8. Inner Ear Pathology: • Vestibular Neuronitisis the most common cause of acute vertigo and may result from a reactivation of HSV that affects the vestibular ganglion nerves. Vertigo is without auditory or other CNS symptoms and lasts for several days • Benign Paroxysmal Positional Vertigo is the second most common cause of vertigo. Typically patients experience brief vertigo upon changing head or body position. The mechanism of BPPV can be due to canalithiasis (otoconia floating in the endolymph) or cupulolithiasis (otoconia adherent to cupula). • MénièreDisease presents with symptoms of episodic vertigo, tinnitus, and hearing loss. Untreated, severe hearing loss and unilateral vestibular paresis are inevitable. The common pathophysiology is disordered fluid homeostasis in the inner ear. • Other Pathology: TIA or Stroke, MS, post-traumatic as with concussion, medicatons, migraines Common Causes of Vertigo

    9. Modified Epley Maneuver

    10. Epley Maneuver

    11. In order to r/o vertebral artery dissection, an MRA was performed. The test showed a diminutive left vertebral artery with a focal area of absent/decreased flow and abnormal signal hyperintensity from the C1-2 through the C5-6 levels. These findings likely represent dissection of a short segment of vertebral artery. Patient was given intravenous heparin and then switched to warfarin anticoagulation CC: “Dizziness”

    12. Medications: • An antihistamine, such as the prescription medicine meclizine, or non-prescription medicines like dimenhydrinate, or diphenhydramine. • Prescription anti-nausea medicines, such as promethazine, metoclopramide, or ondansetron. • Prescription sedative medicines, such as diazepam, lorazepam, or clonazepam • Canalith repositioning: • Maneuvers such as Epley Maneuver is a treatment that may be recommended for people with benign paroxysmal positional vertigo (BPPV). The purpose is to reposition any otoliths in the vestibular canals. • Balance rehabilitation: • Most patients with vertigo prefer to keep their head still. However, staying still and not moving the head can make it harder to cope with vertigo. Rehabilitation can help people with vertigo that is caused by injury to the vestibular system. The vestibular system includes parts of the inner ear and nervous system, which controls balance. • The rehabilitation works by helping your brain adjust its response to changes in the vestibular system. The therapy can also help train your eyes and other senses to "learn" how to compensate. This therapy is most helpful when it is started as soon as possible after you develop vertigo. TX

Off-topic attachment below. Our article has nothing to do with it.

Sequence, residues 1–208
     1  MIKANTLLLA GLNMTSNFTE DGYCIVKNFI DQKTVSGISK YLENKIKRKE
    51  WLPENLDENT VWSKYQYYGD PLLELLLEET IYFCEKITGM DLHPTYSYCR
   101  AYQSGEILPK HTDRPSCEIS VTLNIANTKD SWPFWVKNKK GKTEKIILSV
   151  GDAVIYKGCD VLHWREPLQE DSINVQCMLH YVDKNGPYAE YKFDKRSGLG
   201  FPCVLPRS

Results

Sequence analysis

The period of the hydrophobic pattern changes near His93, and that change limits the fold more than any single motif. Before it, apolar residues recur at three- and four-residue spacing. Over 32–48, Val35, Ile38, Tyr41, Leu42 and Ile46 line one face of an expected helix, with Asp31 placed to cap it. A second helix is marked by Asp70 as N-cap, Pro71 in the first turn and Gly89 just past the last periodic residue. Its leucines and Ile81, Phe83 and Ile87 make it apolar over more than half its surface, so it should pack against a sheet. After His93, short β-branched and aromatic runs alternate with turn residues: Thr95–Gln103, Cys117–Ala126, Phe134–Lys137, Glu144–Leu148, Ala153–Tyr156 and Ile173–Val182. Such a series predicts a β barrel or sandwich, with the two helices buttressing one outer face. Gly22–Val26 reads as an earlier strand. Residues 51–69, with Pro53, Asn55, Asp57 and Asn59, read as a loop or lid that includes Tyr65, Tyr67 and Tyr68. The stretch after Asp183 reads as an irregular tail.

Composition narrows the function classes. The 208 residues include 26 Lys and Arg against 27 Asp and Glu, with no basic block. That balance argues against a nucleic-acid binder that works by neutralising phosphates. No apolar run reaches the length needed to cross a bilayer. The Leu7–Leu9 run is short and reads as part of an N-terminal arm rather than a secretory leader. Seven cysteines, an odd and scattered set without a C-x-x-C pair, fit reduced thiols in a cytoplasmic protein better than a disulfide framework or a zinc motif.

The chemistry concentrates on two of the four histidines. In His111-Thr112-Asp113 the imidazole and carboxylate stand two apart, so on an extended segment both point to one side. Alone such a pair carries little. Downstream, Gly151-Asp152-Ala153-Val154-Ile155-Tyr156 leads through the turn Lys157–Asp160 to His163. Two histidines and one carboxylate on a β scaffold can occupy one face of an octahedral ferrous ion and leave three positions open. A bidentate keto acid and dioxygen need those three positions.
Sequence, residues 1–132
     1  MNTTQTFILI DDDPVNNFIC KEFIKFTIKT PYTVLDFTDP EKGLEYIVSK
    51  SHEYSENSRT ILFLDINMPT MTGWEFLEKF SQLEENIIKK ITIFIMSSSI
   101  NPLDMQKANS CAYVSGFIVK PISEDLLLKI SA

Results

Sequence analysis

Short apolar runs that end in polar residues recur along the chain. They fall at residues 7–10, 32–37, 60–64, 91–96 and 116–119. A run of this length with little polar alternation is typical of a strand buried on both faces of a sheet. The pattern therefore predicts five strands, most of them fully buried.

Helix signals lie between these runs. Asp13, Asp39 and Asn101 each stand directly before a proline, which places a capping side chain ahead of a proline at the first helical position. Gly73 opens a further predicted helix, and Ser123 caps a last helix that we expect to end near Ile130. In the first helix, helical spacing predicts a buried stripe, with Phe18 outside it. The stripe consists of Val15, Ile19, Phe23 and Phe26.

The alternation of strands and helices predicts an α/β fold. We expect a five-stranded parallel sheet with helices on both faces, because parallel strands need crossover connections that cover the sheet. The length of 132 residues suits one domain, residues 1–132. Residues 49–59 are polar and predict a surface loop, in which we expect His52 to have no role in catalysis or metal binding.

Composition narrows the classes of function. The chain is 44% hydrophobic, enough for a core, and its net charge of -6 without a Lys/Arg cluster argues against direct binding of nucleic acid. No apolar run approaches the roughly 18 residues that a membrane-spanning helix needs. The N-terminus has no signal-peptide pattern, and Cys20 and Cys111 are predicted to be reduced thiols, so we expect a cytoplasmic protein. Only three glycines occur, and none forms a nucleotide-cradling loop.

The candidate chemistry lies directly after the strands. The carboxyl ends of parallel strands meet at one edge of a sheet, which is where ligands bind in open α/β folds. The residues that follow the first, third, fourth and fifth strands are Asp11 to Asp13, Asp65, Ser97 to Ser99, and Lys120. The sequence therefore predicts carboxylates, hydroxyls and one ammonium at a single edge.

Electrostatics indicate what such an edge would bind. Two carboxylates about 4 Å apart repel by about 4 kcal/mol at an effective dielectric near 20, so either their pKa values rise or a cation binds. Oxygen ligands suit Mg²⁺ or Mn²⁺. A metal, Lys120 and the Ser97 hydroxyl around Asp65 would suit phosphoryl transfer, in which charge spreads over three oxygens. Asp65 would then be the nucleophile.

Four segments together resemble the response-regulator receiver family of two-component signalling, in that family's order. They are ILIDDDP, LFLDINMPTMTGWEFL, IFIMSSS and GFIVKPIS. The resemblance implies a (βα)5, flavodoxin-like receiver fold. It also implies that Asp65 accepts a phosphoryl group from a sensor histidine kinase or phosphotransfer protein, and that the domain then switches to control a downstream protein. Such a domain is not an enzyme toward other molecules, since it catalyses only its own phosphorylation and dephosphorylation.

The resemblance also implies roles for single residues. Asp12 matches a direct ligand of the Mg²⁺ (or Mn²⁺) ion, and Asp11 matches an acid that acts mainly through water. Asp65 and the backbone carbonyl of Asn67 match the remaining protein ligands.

13. Dizziness can be caused by a temporal bone dysfuncion -specifically the bone becomes internally rotated, compressing the vestibulochoclear nerve (CN VIII) which can also cause tinnitis. SCM hypertonicityespecially when chronic can pull the temporal bone and cause local tissue inflammation, blocking the lymphatic flow. i.e. meniere's syndrome. Otitis media can give vestibular symptoms that can be treated using the raking the face maneuver. Many case studies have been reported where treating the cervical soft tissue and joints gave significant or complete relief of dizziness. Somatic dysfunctions of the cervical spine including OA, upper thoracicsand cranium should be treated. OMT

    14. Dizziness, Vertigo, and Imbalance Author: Hesham M Samy, MD, PhD; Chief Editor: Robert A Egan, MD; Patient information: Dizziness and vertigo; Author Joseph M Furman, MD, PhD; Section Editor Michael J Aminoff, MD, DSc; Deputy Editor Janet L Wilterdink, MD A Case of Dizziness , Osteopathic Approach to Vertigo, Developed for OU-COM CORE by: Derek Stone, DO. 2006. Dizziness and Vertigo, Attorney & Physician Advisory Board, American Medical Forensic Specialists, Inc. References